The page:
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Journal of Computing in Higher Education

, Volume 27, Issue 1, pp 47–67 | Cite as

Crowdsourcing content creation in the classroom

  • Thomas T. HillsEmail author
Article

Abstract

The recent growth in crowdsourcing technologies offers a new way of envisioning student involvement in the classroom. This article describes a participatory action research approach to combining crowdsourced content creation with the student as producer model, whereby students’ interests are used to drive the identification and creation of educational content. This article first describes how this approach is grounded in cognitive psychology and aligned with contemporary learner-centered approaches to education. A case study is then provided detailing how this conceptual framework was implemented in an undergraduate psychology course on persuasion and influence. Two specific applications of this approach are described, one involving found content—with students identifying, explaining the research basis for, and archiving examples of persuasive content, they discover outside the classroom, in a public blog entitled Propaganda for Change—and a second involving content creation—with students producing their own persuasive messages that promote pro-social messages of their choosing. This framework offers a promising contemporary approach to learner-centered education and shifts the burden of education from figuring out how to expose what students know and are interested in into helping them construct relationships between content and their own prior understanding of the world.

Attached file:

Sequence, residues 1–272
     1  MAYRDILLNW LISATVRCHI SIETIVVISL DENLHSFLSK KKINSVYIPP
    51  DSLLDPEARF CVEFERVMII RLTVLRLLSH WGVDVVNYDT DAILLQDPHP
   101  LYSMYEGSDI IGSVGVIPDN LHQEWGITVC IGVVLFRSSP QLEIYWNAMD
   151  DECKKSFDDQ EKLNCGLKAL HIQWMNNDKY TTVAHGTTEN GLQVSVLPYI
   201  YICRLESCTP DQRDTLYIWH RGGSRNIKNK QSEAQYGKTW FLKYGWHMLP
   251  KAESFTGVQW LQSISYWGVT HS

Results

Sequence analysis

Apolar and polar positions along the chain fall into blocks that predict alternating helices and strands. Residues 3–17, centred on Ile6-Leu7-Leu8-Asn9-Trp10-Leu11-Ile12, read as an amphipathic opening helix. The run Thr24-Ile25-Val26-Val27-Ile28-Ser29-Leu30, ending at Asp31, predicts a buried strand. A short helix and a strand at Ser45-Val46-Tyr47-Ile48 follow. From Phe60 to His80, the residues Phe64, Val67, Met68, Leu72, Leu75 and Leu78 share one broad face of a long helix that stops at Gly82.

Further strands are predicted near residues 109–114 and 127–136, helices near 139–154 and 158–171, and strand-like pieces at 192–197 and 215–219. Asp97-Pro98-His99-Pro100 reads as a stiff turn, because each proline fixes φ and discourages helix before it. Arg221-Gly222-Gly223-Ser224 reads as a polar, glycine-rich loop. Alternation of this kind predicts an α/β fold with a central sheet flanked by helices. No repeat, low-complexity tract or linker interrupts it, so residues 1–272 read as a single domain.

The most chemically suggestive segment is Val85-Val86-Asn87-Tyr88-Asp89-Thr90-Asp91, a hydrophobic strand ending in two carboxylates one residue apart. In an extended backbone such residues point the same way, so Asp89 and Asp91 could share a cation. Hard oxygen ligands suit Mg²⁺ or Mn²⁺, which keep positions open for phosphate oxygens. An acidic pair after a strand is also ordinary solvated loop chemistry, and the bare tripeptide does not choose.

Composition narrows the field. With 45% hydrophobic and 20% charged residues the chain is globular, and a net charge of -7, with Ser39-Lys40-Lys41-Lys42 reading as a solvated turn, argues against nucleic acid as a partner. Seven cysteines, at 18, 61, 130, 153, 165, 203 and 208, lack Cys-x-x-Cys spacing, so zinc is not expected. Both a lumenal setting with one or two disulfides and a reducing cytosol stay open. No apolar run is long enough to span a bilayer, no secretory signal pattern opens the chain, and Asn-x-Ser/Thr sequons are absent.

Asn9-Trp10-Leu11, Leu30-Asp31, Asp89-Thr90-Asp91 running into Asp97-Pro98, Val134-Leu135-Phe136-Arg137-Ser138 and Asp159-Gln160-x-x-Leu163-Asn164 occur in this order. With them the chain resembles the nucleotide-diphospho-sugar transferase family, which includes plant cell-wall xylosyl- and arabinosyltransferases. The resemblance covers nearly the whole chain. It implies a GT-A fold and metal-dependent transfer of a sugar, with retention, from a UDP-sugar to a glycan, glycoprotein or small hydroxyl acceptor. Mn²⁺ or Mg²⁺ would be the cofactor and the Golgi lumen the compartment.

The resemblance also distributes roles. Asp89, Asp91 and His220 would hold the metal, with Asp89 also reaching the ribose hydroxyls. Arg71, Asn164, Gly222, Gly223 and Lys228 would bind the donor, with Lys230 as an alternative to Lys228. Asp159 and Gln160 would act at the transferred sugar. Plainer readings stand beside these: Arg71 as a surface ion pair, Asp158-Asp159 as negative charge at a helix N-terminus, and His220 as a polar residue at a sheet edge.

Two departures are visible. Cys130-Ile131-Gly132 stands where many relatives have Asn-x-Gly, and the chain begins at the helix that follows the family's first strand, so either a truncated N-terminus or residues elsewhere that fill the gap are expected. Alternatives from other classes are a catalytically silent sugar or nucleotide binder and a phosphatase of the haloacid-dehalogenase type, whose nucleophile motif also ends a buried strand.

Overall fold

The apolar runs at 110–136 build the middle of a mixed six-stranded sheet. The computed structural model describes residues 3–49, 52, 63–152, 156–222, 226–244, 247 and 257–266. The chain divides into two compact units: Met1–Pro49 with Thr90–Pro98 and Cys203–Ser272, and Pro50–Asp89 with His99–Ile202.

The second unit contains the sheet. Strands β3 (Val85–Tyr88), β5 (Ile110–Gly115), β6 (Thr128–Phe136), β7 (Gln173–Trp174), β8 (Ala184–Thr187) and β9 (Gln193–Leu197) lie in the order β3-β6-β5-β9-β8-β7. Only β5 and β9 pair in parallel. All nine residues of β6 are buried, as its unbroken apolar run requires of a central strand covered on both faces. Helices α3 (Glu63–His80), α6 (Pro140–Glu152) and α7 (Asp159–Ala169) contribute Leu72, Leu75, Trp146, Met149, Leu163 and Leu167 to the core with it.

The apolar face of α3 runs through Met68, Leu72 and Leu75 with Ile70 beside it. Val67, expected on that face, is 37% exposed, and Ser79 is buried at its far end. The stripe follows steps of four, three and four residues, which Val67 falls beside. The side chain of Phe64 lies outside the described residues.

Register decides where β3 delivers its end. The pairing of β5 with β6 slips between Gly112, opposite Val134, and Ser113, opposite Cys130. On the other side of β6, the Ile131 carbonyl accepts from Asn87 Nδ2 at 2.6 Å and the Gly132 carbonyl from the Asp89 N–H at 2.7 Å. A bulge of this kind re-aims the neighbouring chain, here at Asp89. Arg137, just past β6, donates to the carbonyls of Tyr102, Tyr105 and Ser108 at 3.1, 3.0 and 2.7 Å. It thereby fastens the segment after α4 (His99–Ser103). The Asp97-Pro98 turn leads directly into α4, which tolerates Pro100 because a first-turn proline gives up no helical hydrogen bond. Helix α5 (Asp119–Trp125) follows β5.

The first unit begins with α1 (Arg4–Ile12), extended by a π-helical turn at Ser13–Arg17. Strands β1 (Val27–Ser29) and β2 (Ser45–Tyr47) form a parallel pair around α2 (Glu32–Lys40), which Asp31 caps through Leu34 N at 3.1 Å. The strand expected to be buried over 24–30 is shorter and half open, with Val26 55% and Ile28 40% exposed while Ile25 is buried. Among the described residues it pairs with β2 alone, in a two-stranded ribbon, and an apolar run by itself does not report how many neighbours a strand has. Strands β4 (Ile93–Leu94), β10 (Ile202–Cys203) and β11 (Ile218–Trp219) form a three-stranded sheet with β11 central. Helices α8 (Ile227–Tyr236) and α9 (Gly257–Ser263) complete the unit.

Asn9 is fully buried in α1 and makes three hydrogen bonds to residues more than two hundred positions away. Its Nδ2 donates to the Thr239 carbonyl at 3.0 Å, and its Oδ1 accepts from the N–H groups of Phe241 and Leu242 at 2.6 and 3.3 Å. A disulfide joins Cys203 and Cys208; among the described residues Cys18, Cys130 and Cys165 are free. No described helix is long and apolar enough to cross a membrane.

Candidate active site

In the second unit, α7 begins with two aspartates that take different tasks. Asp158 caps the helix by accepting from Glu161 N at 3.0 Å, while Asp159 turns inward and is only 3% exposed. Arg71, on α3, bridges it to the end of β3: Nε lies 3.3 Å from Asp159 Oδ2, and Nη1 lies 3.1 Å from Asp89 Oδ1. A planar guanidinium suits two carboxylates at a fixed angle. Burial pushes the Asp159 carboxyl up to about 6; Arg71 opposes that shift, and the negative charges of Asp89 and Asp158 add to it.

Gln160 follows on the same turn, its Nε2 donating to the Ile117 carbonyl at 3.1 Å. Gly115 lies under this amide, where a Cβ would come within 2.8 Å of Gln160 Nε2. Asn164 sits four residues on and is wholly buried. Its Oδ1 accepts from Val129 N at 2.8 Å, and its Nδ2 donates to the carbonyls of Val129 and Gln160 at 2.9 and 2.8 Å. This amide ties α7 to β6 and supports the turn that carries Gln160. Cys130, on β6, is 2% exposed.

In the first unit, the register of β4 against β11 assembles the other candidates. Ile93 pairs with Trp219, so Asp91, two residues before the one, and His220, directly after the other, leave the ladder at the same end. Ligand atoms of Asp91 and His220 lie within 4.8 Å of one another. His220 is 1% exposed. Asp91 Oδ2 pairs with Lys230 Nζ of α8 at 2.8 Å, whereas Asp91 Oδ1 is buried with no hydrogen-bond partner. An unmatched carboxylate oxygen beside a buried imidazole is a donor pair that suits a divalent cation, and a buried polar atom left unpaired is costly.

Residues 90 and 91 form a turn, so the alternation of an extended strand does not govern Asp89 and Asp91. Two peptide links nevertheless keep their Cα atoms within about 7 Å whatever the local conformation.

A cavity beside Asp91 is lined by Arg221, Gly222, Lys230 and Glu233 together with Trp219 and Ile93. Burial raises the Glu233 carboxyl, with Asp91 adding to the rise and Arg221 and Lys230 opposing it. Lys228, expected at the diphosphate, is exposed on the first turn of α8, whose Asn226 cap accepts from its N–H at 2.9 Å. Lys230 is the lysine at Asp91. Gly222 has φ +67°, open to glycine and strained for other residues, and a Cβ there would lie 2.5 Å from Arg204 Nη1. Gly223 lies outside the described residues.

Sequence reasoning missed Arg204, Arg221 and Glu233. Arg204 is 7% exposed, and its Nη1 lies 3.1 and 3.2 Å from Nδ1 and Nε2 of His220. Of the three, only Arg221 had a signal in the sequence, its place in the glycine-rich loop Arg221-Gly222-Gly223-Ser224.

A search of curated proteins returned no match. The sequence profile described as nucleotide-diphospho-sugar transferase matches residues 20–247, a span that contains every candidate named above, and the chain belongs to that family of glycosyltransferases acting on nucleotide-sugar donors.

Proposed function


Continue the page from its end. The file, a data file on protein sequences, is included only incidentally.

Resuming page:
Keywords

Learned-centered education Student as producer Crowdsourcing Communities of practice Project-based learning 

Notes

Acknowledgments

Thanks to the students of PS359 for their feedback in course development and to Katherine Hall (Aladdin’s Cave) and Cathryn Rebak (Charity Muggers) for permission to use their content. The work was supported by a grant from the Institute for Advanced Teaching and Learning at the University of Warwick.

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Copyright information

© Springer Science+Business Media New York 2015

Authors and Affiliations

  1. 1.Department of PsychologyUniversity of WarwickCoventryUK

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